Mastering shortbread (brown butter shortbread recipe)

I have always been a fan of eating shortbread. Well, good shortbread anyway.  Honestly, I can't remember what started me off on this latest quest - I think it was maybe just browsing some recipe books and it put me in the mood to give it a shot.

I don't normally cook that many sweet things, possibly cookies and brownies aside, and have never attempted shortbread before, but a month or two back I suddenly decided on a whim to give it a go.


I started off using the recipe in Ruhlman's Twenty , which is as follows:
  • 225 grams plain flour
  • 170 grams butter
  • 100 grams caster sugar
(and to be honest, whilst there has been some variation in quantities throughout the experiments, this is pretty much spot on as to my final ratio of the parts)

He advised that the most important thing about making good shortbread was the quality of the ingredients, which makes sense being as its such a simple combination of three ingredients.  What followed was me spending several hours reading about butter. And I am speaking literally. I spent at least three hours reading about butter online.

Michael Ruhlman recommended using cultured butter if you can get it, so I went about trying different butters - the first two I tried were cultured, but honestly I didn't see that much of a noticeable difference in real terms - I then tried a few high-end British salted butters (cultured butter is more of a French/European thing, most English butter isn't cultured).

After a while of variations - all of which predominantly turned out very tasty - I still wasn't super impressed with the quality.

One day, for no particular reason that I can remember, I thought to myself, why not try browning the butter first and using that for my shortbread. This turned out to work well.  Maybe it wouldn't impress shortbread purists, but it works for me. So here it is..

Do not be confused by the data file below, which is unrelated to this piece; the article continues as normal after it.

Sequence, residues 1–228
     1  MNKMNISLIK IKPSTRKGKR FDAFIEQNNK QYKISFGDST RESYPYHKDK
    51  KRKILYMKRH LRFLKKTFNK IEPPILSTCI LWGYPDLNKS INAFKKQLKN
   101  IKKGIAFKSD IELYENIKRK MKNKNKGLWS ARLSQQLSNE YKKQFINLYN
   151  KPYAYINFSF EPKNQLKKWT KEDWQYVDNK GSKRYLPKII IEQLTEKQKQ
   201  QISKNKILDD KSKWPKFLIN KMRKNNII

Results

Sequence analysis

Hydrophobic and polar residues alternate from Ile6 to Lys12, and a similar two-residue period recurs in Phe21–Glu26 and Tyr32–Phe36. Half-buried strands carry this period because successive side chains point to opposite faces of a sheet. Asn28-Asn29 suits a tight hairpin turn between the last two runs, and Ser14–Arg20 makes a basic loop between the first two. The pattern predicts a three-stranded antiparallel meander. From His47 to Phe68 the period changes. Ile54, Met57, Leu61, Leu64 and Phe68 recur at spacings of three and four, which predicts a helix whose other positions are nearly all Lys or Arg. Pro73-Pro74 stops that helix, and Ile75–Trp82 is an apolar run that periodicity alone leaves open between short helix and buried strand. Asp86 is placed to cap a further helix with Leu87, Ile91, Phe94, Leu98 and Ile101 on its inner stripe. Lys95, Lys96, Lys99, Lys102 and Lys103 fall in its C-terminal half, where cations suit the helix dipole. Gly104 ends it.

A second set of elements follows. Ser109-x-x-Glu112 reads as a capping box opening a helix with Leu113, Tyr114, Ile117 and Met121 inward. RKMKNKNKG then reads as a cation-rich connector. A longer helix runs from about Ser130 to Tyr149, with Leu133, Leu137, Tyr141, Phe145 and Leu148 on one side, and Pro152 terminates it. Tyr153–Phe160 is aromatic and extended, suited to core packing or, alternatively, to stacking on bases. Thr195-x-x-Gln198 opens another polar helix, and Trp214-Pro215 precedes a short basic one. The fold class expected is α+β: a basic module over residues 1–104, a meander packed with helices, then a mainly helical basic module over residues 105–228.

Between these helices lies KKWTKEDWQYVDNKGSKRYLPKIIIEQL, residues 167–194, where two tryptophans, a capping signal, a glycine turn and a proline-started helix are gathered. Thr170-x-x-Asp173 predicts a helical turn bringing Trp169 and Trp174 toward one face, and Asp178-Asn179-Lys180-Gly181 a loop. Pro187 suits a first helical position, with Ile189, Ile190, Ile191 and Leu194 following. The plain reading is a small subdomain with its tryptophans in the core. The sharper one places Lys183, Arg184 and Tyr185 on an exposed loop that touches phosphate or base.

• 1/3 teaspoon fine salt (I started using 1/2 teaspoon in my firstbatch, but it was ever so slightly too salty for my taste, although still very edible - so adjust this to taste) 
  • 200 grams plain flour
  • 20 grams cornmeal (if you want, just replace this with more plain flour)
  • 100 grams white caster sugar
  • 170 grams brown butter (butter will reduce in the browning process, so you probably need to start off with something like 220 grams butter to be sure)


  1. Brown your butter - this is a simple process, chop it up and chuck it into a pan (ideally a stainless steel or something where you can clearly see the colour of the butter throughout the process) and melt it over a gentle heat - once melted, it will start to turn a golden brown and will start to smell awesome (more so) and kind of nutty, as it starts to brown, keep stirring it to make sure the sediments don't burn 
  2. Transfer your molten brown butter to a bowl to cool and set (I transfer it to a bowl on top of a digital scales, so I can get the required 170 grams I need later.
  3. Once set, cream the butter and sugar together in a mixer, ideally with a paddle attachment if you have it (this is just for ease really)
  4. Once creamed together and looking light, add in the flour, cornflour and salt - mix until combined
  5. At this point we are freestyling, if you have a pan or something you want to put it in, then chuck it in, and slam it in the oven at about 160 (fan oven) for about 20minutes, or until lightly browned - What I do at this point is normally roll into a tube shape, wrap in cling film and put in the fridge to cool. Once cooled, it's easily sliced into disks that can be lay on a baking tray for consistent size/appearance biscuits.
rob hinds Shambolically fumbling my way around the kitchen

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